A team at Stockholm’s KTH Royal Institute of Technology has developed a wastewater treatment method designed to filter out human drug residues that enter waterways and affect fish and plant life. The method, called membrane distillation, involves water vapor passing through a thin layer of hydrophobic material and eventually condensing onto a cold surface, leaving the residues behind. In initial tests, the method was able to eliminate residues from a variety of 20th-century drugs. Team member Andrew Martin says the only one they couldn’t remove completely was sertraline, an antidepressant commonly marketed under the trade name Zoloft.
What’s the Big Idea?
A study done on fish and plant life in Sweden’s Fyris River showed that even low-level concentrations of oxazepam, an anti-anxiety drug, affected perch behavior, and that they may have contributed to algae population changes. Martin says no other technology currently existing can remove residues on as large of a scale as the membrane distillation technique. Furthermore, he says, “[t]he water temperature does no need to be very high” for the wastewater treatment to work. Next for the team: Tests on water with even higher concentrations of drug residues.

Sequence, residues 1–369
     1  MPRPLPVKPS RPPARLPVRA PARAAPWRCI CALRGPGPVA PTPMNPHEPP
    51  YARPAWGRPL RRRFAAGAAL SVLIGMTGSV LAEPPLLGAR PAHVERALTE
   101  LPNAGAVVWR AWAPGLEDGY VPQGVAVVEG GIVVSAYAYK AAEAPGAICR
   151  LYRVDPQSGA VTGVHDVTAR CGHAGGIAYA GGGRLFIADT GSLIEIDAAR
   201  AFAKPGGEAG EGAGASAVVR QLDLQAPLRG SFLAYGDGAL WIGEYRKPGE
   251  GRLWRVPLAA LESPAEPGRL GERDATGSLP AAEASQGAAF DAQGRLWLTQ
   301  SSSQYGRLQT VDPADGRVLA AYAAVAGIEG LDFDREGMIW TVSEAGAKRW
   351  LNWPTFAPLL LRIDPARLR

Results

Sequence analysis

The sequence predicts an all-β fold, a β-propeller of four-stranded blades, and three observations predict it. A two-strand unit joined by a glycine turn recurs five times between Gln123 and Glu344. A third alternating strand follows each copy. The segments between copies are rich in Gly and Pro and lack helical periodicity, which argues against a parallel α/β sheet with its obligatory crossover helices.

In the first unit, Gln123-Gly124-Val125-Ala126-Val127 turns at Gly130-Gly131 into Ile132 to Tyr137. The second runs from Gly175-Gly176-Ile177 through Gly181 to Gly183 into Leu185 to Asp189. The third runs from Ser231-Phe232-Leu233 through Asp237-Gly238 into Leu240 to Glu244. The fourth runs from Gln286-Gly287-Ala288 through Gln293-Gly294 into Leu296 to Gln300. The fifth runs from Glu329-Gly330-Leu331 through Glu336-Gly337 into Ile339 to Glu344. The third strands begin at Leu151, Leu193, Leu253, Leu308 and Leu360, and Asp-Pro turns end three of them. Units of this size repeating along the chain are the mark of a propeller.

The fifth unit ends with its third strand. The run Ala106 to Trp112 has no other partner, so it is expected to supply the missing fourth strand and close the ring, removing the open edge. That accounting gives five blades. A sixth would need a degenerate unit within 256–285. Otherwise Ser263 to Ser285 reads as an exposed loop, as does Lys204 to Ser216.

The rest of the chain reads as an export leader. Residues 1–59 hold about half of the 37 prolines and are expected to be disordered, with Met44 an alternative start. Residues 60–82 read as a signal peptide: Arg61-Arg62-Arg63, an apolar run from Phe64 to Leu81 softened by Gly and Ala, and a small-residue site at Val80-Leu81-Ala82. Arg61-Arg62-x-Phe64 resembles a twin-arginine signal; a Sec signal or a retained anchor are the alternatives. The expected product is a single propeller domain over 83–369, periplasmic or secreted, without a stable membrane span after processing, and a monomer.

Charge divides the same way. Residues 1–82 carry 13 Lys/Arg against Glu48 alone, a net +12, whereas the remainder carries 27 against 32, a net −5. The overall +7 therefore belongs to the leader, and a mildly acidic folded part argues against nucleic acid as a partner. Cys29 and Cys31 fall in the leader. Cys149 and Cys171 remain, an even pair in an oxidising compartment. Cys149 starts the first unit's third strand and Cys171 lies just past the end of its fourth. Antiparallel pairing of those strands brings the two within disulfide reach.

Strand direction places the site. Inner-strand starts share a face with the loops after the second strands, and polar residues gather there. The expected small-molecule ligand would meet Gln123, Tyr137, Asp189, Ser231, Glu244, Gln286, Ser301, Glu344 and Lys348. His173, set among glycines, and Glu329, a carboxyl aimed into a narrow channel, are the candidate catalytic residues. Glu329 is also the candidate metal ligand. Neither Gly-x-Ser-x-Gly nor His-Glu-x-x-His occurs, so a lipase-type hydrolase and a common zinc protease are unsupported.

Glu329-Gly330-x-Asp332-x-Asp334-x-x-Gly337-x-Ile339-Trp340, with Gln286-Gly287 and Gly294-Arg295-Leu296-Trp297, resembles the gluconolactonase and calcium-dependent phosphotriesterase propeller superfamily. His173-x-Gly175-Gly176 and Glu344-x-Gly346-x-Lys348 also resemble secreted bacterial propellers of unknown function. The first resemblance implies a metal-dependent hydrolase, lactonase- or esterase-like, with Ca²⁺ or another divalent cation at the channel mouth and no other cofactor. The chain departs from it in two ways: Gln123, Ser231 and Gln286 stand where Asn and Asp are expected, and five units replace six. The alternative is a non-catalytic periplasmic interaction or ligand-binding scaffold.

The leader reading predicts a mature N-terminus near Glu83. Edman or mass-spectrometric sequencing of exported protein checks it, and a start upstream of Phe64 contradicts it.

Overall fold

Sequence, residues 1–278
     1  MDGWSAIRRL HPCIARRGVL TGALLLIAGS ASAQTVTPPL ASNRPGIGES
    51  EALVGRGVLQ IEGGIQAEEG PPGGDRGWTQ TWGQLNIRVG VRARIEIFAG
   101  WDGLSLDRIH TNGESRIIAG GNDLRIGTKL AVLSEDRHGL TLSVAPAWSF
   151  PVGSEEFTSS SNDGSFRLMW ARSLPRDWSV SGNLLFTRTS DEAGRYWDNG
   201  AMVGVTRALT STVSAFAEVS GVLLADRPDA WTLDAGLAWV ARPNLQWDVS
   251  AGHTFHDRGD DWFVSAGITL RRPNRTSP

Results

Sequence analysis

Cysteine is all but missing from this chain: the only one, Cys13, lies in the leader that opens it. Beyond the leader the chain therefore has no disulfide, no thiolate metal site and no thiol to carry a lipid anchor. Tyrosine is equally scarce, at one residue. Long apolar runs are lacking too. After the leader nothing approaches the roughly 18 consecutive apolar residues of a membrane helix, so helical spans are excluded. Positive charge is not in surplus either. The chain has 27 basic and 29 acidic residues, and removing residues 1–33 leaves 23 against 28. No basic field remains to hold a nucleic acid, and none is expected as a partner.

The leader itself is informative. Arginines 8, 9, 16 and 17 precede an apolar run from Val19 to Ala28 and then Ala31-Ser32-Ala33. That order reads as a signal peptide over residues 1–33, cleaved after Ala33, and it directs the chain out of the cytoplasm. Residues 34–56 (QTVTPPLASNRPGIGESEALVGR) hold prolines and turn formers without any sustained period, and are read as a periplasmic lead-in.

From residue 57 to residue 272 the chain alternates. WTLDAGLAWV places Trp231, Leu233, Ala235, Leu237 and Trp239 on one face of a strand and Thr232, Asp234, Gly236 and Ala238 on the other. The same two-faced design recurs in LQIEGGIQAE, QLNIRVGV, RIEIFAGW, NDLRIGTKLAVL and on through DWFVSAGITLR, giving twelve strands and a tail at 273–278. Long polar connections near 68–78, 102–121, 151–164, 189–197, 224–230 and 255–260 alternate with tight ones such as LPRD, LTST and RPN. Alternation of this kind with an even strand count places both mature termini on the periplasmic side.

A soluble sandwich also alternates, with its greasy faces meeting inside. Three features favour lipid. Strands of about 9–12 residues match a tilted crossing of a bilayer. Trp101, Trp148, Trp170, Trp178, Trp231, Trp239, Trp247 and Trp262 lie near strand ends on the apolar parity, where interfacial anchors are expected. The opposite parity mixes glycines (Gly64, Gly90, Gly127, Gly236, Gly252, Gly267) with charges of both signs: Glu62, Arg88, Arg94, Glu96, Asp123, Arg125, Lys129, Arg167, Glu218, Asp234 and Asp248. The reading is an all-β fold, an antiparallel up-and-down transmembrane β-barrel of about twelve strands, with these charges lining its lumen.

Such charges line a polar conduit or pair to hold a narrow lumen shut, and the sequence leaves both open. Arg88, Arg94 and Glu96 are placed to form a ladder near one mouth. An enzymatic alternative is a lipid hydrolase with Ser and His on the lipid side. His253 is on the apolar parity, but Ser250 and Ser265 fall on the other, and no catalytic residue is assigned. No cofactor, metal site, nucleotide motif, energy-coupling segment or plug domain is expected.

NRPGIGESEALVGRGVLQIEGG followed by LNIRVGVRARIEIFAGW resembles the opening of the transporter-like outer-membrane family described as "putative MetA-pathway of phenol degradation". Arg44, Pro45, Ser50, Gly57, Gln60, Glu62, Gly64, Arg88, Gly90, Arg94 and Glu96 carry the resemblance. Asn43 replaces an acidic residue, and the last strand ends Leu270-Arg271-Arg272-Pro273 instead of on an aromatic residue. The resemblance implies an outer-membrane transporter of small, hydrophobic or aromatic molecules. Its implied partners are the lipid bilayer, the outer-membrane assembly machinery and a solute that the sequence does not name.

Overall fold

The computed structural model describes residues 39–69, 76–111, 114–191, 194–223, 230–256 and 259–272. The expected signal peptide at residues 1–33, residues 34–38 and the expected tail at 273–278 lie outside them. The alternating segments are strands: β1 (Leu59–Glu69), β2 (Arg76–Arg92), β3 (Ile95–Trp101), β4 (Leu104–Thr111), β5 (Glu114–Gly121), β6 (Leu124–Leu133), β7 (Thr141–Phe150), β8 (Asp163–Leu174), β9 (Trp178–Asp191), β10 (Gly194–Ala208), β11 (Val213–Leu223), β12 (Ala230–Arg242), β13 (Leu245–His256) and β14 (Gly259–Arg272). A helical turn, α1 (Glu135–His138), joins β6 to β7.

Combining years of neurological research and mindfulness techniques, Dr. Heather Berlin helps us better understand how the body’s most complex organ can easily be misled into negative thinking - and how we can stop that from happening.